Rising Water, Rising Rates
First Street Foundation estimates average annual loss due to “substantial” flood risk around the country at $4,694 per property and expects it to rise by 61% to $7,563 per property in three decades due to climate change. This has major implications for the National Flood Insurance Program, or NFIP.
First Street Foundation wrote in a report that if all of these homes were to insure against flood risk, the rates would need to be more than 4 times higher to cover the estimated risk in 2021, and more than 7 times higher to cover the growing risk by 2051.
An NPR analysis of the FSF data found that nationwide, people in high median income communities get the best deals on flood insurance, as measured by the gap between the amount paid by a household and the annual cost of flood damage to their house. Wealthy coastal homeowners are essentially subsidized by taxpayers, and NPR also found that homeowners in whiter neighborhoods generally are getting a better deal on flood insurance than others.
FEMA plans to increase rates beginning this year for the flood insurance program in those places where the risk of damage is high. That may serve to eliminate the unfair advantage that wealthy communities enjoy, but it could also make flood insurance unaffordable for low income places at high risk, such as those in Appalachia.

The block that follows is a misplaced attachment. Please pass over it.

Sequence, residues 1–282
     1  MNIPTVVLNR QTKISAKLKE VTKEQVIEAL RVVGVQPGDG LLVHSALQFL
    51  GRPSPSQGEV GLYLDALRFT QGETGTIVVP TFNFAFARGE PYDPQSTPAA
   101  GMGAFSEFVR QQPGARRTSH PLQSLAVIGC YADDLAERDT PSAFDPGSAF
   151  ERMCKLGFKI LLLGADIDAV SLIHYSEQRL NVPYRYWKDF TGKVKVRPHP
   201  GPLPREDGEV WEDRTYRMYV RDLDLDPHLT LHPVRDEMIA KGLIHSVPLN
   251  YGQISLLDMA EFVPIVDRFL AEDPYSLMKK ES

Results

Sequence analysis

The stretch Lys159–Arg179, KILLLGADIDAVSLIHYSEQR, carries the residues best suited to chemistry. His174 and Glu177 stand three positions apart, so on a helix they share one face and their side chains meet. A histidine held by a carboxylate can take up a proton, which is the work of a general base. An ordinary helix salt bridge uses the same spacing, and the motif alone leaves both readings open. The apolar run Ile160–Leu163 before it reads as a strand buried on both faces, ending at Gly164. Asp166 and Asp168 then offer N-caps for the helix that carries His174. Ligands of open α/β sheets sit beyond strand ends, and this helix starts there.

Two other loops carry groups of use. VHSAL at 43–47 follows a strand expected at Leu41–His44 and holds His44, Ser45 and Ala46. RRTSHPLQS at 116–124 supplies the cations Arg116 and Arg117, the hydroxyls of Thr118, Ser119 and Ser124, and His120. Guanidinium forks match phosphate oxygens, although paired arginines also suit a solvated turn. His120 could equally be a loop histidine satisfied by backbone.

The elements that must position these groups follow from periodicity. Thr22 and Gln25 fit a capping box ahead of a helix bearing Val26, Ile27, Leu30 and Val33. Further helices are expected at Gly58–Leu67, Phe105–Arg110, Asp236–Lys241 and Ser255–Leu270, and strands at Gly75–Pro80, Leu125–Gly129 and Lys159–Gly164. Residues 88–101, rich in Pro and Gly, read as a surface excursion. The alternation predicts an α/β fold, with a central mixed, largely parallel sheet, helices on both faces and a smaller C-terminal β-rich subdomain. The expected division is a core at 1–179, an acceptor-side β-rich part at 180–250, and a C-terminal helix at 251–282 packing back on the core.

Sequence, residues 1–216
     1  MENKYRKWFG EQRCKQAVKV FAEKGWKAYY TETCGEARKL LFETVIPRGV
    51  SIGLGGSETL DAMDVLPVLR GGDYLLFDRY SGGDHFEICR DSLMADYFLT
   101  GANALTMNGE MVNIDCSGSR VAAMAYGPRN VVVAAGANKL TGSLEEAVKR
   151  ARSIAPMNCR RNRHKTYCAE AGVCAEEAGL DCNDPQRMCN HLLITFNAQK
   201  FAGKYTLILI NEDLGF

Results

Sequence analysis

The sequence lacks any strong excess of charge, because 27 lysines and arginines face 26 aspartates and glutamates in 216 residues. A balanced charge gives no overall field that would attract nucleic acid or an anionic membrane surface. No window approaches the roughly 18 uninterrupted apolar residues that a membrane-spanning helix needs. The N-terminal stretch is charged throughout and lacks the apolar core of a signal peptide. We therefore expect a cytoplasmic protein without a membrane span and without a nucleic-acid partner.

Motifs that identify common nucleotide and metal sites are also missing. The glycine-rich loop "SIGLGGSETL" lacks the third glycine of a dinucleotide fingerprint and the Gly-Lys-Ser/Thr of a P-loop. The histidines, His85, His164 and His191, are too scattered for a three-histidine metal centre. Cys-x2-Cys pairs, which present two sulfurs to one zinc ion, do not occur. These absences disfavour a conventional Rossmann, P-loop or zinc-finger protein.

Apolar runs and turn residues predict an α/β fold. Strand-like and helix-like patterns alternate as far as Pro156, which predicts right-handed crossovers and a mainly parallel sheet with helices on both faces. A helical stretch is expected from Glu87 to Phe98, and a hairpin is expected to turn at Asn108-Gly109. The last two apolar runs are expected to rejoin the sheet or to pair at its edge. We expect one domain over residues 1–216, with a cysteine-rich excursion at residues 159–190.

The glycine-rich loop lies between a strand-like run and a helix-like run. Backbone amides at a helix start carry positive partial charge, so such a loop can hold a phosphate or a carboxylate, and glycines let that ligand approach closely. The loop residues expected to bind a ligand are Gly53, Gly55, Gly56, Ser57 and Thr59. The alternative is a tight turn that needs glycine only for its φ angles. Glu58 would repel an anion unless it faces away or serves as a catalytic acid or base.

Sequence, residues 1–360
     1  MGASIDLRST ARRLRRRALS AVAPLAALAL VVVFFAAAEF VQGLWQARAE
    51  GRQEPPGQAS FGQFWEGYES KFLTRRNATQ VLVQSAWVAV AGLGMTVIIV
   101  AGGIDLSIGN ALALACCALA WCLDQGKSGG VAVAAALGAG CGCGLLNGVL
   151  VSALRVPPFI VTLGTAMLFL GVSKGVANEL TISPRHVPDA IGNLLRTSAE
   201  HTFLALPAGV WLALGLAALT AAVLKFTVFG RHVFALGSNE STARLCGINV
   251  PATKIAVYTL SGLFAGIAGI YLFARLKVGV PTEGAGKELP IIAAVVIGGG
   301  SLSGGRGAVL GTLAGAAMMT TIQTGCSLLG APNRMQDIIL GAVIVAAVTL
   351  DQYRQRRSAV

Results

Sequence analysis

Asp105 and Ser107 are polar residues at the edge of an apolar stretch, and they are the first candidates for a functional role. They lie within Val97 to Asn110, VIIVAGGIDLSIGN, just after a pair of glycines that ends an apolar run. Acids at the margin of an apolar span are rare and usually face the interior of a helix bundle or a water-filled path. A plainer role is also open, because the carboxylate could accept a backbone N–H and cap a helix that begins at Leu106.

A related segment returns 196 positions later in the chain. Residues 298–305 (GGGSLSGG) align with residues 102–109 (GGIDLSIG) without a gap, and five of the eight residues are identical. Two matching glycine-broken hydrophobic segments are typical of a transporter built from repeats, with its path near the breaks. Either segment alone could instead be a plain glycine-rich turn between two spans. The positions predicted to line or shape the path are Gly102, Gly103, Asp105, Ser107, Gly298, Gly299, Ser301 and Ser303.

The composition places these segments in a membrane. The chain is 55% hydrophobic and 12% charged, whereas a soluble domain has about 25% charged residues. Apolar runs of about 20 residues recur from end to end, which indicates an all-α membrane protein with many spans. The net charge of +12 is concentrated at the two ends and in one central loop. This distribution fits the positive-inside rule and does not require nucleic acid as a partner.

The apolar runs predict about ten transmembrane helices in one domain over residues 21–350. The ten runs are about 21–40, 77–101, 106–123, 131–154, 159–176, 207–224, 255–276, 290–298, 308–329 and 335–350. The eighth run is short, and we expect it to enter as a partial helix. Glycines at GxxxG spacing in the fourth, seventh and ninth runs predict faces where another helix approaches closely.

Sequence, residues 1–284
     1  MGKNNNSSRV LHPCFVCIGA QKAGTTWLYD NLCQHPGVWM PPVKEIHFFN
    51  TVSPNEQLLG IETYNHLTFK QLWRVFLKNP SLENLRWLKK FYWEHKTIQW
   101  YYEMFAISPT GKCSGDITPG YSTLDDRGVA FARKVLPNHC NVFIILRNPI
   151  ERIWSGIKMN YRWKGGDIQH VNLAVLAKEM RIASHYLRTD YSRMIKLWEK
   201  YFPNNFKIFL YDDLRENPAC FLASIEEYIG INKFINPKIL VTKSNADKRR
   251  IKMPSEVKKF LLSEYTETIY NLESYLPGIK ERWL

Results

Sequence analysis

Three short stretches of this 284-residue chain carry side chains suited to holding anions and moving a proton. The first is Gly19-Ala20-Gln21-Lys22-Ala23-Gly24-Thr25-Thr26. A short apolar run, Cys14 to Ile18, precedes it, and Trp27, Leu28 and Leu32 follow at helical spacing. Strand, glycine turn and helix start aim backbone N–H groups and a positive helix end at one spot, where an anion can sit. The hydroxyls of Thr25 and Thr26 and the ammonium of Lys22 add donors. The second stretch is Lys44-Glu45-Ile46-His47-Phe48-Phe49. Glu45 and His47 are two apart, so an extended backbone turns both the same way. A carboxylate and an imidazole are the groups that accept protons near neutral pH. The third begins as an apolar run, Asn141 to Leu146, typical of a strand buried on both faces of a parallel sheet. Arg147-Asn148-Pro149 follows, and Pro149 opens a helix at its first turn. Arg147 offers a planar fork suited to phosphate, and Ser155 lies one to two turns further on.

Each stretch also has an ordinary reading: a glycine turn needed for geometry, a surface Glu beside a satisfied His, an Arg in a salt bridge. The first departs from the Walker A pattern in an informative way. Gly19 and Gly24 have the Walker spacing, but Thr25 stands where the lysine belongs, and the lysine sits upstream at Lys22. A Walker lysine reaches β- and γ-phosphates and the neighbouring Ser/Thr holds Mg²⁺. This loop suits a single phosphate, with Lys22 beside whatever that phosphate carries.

Porter said that Congress is eventually going to have to do something to make sure people can still get affordable insurance.
“There will have to be some reconciliation between the approach NFIP is taking and the realities in the real world, where people are not going to have insurance if they can’t afford it,” he said.
The Ohio Valley ReSource gets support from the Corporation for Public Broadcasting and our partner stations.